Wednesday, May 26, 2010


Bill Powell asks an interesting and important question:
Do you think it's clear to Kim & co. just how many South Korean soldiers, airmen and sailors he can kill without triggering the war that no one wants? He got 46 this time; had the ship's entire crew of 104 been killed, would the reaction from Seoul and its friends be any different? (Hint: No.)

So what's the answer? If not 46 or 104, is it 460? Or 4,600 perhaps? What's the red line that Kim Jong Il cannot cross without eliciting something more than yet another round of economic sanctions from the U.N. and an inter-Korean trade embargo that doesn't really put an embargo on inter-Korean trade? I bet he doesn't have a clue. And that's what's scary.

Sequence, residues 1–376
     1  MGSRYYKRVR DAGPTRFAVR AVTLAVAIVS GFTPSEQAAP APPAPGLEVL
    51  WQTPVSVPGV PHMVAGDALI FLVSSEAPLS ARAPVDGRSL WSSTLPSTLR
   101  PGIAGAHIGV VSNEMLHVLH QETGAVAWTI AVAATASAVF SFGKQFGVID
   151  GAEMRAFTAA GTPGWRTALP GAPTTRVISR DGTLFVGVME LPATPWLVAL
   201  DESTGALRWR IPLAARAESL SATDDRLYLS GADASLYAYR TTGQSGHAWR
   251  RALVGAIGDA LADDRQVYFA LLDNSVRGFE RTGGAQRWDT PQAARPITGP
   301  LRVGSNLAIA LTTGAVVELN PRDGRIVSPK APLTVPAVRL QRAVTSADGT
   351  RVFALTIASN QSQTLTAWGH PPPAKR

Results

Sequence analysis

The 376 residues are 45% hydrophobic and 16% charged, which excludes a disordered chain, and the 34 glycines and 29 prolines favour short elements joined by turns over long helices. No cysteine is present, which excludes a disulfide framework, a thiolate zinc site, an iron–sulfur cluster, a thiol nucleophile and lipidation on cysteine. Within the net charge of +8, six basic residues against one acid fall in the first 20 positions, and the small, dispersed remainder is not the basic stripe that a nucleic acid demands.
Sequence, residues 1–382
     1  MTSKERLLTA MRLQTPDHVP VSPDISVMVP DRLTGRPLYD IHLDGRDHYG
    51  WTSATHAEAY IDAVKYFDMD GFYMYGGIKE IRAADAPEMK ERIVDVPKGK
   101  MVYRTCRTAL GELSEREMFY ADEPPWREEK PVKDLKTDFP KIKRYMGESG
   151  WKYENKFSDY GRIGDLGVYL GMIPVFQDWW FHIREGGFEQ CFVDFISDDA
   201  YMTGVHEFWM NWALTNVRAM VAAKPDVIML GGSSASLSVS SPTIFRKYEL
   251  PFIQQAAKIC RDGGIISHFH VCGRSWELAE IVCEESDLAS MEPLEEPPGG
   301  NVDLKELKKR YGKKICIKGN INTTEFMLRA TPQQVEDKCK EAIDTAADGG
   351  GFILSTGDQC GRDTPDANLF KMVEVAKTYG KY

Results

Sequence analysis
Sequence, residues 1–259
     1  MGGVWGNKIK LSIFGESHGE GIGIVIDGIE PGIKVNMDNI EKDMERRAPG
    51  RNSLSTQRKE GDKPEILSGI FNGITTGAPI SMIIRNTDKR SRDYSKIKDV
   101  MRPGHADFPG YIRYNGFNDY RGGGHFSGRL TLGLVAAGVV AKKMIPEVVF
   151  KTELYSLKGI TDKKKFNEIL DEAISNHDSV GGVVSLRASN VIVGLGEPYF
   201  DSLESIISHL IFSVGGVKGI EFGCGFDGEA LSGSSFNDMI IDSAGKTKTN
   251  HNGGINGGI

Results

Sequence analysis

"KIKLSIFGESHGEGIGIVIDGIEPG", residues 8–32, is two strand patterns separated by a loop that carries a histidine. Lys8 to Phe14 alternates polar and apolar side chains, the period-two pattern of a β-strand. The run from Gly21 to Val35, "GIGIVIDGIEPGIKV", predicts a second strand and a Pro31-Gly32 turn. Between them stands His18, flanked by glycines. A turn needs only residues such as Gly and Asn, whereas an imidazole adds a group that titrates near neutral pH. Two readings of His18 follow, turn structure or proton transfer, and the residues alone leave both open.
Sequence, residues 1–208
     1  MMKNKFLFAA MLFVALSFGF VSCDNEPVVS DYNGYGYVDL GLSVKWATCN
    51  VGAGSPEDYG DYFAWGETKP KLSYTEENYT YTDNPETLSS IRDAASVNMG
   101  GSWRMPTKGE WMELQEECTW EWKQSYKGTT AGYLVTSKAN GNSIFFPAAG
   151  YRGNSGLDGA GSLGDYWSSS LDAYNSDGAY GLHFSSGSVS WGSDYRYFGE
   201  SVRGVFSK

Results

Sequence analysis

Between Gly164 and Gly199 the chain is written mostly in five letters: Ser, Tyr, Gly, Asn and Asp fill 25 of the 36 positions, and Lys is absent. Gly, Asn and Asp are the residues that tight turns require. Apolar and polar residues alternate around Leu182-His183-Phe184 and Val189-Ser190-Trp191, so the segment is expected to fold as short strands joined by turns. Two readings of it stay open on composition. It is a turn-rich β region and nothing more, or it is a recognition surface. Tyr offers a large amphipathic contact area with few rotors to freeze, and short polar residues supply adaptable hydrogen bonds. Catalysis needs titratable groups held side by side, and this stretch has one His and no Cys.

I suspect that, if past performance is any indication, the DPRK leadership knows full well that provocations, even those that result in significant numbers of deaths--1968 Blue House raid, Pueblo incident, ax murders, Rangoon bombing, bombing of KAL 858, numerous clashes along the NLL, shooting of a tourist at Geumgang etc. etc.--will not result in a significant military escalation on the part of the ROK (or the U.S., Japan etc.). The real question is less what the DPRK will do and more whether the ROK has finally had enough and will escalate.

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